The following from The Independent illustrates what might be achieved through building a better understanding of the way in which we farm. Although it would appear that shoppers have tightened their purse strings and switched to cheaper alternatives in some instances, they are demonstrating strong loyalty to Fairtrade products.

This is exactly what I hope to achieve with Free Range Dairy by engaging with consumers to promote the benefits of pasture-based milk production. We want fair trade to deliver farmers a fair share of the retail milk price. But, we need to earn it. Join us today and help to make it happen!

Fair Trade

Shoppers show they still care as ethical products beat downturn

The Independent – Thursday 15th December

Fairtrade food sales rose by 36 per cent, while sales of sustainable fish rose by 16.3 per cent

According to conventional wisdom, in times of financial hardship shoppers are only interested in a bargain. But ethical products, such as Fairtrade chocolate, solar panels and eco-friendly cars, have proved to be recession-busters.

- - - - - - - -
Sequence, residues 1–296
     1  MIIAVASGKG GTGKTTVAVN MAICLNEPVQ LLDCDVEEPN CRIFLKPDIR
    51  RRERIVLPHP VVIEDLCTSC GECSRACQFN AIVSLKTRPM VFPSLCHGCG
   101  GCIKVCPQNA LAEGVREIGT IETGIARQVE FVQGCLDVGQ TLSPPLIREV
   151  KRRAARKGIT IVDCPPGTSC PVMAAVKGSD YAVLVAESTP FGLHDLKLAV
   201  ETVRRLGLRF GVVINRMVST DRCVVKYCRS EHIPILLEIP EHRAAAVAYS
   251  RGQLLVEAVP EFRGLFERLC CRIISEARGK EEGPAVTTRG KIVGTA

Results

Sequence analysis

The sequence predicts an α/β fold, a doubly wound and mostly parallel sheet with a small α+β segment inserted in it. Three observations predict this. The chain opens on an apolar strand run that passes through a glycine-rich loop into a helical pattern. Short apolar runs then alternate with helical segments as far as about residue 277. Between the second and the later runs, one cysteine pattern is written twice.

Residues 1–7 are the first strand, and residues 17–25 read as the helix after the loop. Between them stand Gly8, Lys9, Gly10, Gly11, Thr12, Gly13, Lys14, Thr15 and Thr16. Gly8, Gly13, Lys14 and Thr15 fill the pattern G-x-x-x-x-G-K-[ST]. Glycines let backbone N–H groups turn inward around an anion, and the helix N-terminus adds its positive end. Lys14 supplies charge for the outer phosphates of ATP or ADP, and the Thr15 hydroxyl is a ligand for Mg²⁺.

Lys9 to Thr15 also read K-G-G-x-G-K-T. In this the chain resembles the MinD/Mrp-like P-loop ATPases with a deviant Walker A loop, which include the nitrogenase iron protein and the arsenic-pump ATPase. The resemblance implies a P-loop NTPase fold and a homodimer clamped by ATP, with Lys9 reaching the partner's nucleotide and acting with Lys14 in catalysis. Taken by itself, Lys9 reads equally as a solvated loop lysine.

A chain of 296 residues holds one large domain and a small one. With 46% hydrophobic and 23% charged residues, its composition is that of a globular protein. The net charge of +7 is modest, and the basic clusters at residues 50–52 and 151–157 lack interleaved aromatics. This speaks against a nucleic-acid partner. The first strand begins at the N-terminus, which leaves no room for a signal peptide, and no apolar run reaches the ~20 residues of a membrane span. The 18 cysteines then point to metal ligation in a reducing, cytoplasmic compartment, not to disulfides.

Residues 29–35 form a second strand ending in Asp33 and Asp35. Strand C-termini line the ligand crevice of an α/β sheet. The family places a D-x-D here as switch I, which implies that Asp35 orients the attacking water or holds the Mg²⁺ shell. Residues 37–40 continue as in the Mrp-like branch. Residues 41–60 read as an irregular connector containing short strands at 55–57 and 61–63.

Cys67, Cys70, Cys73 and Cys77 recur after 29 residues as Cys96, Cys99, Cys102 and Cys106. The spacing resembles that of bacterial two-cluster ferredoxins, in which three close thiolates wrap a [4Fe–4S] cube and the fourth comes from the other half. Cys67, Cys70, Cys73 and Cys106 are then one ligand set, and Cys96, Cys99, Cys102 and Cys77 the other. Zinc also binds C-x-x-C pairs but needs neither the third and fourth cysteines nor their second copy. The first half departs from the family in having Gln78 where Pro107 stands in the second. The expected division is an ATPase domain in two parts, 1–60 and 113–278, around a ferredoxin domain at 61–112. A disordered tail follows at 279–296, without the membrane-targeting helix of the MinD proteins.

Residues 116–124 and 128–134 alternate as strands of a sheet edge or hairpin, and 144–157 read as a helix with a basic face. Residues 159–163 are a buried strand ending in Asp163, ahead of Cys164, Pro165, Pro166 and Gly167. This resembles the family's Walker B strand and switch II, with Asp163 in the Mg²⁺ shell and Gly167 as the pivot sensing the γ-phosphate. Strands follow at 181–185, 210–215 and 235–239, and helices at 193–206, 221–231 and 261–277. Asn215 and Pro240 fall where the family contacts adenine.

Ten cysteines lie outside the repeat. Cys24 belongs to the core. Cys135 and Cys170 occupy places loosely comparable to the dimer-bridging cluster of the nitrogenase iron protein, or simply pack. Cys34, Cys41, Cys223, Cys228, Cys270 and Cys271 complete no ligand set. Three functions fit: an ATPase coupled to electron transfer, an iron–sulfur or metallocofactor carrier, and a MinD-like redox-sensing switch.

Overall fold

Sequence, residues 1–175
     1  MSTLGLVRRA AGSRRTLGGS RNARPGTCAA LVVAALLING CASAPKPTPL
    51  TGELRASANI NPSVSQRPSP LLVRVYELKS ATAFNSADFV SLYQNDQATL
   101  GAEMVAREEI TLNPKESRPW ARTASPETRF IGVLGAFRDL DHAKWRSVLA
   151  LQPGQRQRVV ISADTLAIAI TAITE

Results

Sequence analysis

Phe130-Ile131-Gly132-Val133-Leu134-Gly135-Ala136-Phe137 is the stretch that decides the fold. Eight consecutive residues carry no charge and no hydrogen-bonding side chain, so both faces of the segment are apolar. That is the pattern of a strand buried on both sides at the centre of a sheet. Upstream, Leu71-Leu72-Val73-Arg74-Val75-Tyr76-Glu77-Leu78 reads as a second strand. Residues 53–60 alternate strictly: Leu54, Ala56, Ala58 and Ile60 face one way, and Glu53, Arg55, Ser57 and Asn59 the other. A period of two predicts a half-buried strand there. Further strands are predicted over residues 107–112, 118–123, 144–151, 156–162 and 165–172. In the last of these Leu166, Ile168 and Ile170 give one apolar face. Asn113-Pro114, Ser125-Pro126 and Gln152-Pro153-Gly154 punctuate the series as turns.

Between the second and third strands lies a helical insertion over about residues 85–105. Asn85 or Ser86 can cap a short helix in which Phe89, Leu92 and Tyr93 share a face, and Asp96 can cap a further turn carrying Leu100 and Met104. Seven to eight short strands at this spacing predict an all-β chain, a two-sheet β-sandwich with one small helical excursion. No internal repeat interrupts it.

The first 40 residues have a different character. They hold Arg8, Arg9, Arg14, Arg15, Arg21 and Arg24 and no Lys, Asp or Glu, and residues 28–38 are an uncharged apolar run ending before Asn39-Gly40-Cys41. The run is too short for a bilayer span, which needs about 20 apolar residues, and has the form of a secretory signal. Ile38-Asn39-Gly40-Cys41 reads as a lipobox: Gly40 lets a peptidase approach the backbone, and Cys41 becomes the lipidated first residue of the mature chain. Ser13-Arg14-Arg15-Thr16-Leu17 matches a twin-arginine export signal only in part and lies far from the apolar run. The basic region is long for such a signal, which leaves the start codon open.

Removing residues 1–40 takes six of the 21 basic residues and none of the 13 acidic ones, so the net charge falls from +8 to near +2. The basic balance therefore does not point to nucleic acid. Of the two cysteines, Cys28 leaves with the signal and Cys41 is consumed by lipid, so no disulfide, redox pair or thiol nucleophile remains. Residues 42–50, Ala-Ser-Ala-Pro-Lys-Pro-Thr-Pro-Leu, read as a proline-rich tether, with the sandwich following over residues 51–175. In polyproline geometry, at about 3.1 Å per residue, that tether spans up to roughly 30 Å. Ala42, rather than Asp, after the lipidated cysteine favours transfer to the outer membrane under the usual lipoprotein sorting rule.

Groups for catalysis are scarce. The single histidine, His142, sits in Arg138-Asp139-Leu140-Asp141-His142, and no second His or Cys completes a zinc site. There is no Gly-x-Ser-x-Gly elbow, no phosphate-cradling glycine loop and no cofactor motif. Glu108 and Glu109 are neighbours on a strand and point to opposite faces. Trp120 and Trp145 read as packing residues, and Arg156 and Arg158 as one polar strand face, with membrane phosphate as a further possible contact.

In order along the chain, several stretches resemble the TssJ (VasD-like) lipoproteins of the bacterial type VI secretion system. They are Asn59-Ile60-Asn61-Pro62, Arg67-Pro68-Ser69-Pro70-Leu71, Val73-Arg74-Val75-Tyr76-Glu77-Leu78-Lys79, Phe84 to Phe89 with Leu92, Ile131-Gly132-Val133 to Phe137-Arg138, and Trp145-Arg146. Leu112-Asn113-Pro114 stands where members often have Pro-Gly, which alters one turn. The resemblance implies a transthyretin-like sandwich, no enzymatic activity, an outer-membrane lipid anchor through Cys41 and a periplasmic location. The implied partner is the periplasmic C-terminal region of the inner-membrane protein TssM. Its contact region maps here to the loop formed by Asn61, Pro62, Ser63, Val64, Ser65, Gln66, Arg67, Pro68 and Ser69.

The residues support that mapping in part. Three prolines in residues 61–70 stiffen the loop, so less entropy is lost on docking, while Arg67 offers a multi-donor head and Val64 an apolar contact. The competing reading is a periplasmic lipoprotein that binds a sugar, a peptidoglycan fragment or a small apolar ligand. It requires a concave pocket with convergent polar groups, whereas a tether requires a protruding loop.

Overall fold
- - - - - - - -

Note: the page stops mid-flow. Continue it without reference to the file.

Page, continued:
In the last year, the amount Britons spent on them rose from £43bn to £46.8bn, an increase of 8.8 per cent and almost 250 per cent up from the £13.5bn spent in 1999.

The scale of the growth of guilt-free products, detailed in the Co-operative Bank’s Ethical Consumerism Report 2011, not only points to a growing awareness among consumers but also among businesses, which are keen to be seen acting with greater social responsibility.

Barry Clavin, who helped compile the report, said one of the surprises was that even during the economic downturn supermarkets have been prepared to increase the shelf space available to ethical products. “It’s selling so it keeps its space,” he said.

Fairtrade food sales rose 36 per cent from £749m to £1.02bn in 2009-10. But there have also been some big losers, with organic foods suffering particularly badly as shoppers seek cheaper options. Sales sank 10 per cent in 2010 to £1.53bn, a 23 per cent fall since the organic sector peaked in 2008 at a value of almost £2bn.




Leave a Reply